Monday, May 16, 2016

ATLAS: an amusing 2.1-sigma gluino-muon-multijet island excess

ATLAS released an interesting preprint
Search for gluinos in events with an isolated lepton, jets and missing transverse momentum at \(\sqrt{s} = 13\TeV\) with the ATLAS detector
in which gluino pairs were searched in final states with MET, many jets, and a single lepton. There were six signal regions. The last, sixth one, showed a mild but interesting excess. \(2.5\pm 0.7\) events were expected with a muon (thanks, Bill), but eight events were observed.

The excess looks intriguing when it's visualized on Figure 6.

The plot has two parts:

The observed thick red exclusion line is generally similar to the dashed black expected exclusion line. But on the upper picture, there is a clear "downward tooth" of the red line around the gluino mass of \(1200-1300\GeV\) and the lightest neutralino mass around \(400-600\GeV\), potentially properties of particles that may exist according to this hint.

On the second diagram, the excess looks like an island with \(m_{\tilde g} \sim 1250\GeV\) and the ratio of two mass differences (lightest chargino minus first lightest neutralino OVER gluino minus lightest neutralino) equal to \(0.75\) or so. However, the plot isn't quite showing the neighborhood of the most interesting values indicated by the upper plot because in the lower plot, the lightest neutralino is assumed to weigh \(60\GeV\).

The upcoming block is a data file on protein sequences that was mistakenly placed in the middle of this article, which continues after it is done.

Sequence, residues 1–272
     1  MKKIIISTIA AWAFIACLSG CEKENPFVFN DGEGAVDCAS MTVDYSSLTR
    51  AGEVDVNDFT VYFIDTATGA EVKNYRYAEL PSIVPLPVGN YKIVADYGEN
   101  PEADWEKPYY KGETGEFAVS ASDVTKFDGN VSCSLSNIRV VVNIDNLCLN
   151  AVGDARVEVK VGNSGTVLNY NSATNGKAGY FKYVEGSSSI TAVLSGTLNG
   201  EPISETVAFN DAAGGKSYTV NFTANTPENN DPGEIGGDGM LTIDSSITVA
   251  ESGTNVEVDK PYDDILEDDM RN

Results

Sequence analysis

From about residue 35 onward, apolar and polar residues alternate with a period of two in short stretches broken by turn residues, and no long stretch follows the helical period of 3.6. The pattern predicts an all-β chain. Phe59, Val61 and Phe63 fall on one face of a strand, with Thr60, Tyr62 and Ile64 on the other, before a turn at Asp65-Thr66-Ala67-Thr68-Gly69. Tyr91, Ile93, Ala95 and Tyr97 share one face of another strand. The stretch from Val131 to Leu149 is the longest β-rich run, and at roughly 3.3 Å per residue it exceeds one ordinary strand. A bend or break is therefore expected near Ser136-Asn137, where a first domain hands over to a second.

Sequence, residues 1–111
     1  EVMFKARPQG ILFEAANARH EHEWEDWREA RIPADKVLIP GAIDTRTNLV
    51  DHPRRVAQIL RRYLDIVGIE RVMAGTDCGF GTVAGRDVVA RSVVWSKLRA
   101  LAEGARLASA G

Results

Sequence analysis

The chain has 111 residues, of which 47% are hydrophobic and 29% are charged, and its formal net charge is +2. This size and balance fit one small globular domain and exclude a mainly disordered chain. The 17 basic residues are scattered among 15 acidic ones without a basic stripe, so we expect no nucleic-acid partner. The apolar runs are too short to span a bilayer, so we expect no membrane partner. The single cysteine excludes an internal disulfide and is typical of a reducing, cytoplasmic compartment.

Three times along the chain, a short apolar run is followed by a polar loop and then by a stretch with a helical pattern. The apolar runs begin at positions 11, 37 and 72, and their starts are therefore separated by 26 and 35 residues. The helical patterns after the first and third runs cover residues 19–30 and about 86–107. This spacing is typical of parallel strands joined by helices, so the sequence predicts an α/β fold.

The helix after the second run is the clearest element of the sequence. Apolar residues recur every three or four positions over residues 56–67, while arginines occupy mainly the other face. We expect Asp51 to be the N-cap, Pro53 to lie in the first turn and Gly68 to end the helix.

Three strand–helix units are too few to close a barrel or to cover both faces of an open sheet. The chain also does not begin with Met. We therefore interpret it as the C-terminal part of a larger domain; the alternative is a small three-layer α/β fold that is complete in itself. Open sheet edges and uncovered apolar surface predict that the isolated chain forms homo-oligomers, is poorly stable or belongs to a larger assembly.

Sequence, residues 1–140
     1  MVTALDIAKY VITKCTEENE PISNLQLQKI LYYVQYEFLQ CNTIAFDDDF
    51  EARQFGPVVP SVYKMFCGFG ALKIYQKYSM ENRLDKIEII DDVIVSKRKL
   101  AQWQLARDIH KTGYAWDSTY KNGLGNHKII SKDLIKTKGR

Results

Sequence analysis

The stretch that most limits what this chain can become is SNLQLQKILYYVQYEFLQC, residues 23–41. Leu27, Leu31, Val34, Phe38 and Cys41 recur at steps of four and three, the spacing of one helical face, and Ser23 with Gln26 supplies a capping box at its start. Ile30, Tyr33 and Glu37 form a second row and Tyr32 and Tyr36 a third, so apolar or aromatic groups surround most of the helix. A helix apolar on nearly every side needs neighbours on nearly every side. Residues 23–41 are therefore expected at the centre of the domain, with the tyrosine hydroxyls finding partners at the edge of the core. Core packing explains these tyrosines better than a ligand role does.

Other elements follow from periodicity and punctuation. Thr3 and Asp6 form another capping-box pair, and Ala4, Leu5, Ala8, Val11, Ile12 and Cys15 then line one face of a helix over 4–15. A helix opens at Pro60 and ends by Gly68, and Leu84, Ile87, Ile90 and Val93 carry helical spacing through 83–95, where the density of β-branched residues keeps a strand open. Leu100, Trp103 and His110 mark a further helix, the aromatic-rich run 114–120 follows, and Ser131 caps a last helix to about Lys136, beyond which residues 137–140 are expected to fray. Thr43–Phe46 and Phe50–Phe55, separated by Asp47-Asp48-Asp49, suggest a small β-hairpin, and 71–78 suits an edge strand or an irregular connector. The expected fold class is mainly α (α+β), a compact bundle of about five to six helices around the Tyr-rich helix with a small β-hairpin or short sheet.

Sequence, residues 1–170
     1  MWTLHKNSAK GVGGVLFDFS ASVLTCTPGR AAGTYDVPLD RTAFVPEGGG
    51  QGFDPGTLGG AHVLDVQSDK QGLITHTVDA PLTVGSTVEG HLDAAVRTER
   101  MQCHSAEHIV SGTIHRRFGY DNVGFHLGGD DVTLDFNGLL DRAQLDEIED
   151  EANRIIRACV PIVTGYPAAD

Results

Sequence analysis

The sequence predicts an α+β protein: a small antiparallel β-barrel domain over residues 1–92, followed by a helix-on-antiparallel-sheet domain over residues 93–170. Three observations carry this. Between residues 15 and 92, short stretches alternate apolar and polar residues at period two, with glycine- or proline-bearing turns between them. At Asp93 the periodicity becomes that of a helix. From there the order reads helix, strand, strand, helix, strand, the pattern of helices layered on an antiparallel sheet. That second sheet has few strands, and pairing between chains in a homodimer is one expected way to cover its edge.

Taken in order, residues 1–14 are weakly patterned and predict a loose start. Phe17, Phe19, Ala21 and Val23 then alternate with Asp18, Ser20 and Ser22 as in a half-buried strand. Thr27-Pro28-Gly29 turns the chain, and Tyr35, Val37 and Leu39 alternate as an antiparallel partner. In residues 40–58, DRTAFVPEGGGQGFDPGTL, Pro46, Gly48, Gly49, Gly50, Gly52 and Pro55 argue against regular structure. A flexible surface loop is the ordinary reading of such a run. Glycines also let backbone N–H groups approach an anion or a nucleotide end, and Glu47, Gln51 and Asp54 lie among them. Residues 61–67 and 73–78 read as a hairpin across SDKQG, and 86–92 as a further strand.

The island-like shape of the exclusion line on the lower picture is interesting, nevertheless. Note that this is what the exclusion lines look like when all the wrong values of the mass are excluded and the correct mass is discovered. In this sense, the lower picture could already be a sketch of a discovery paper.

At any rate, if you go through the LHC category or search for a gluino on this blog, I think you will agree that it's far from the first hint of a gluino close enough to \(1200\GeV\) and a lightest neutralino in the \(600\GeV\) category. I am extremely far from any form of certainty that the gluino has to be found near these masses but if you offer me 100-to-1 odds like Jester did, I will happily make the bet again (or increase the existing one, if you wish).

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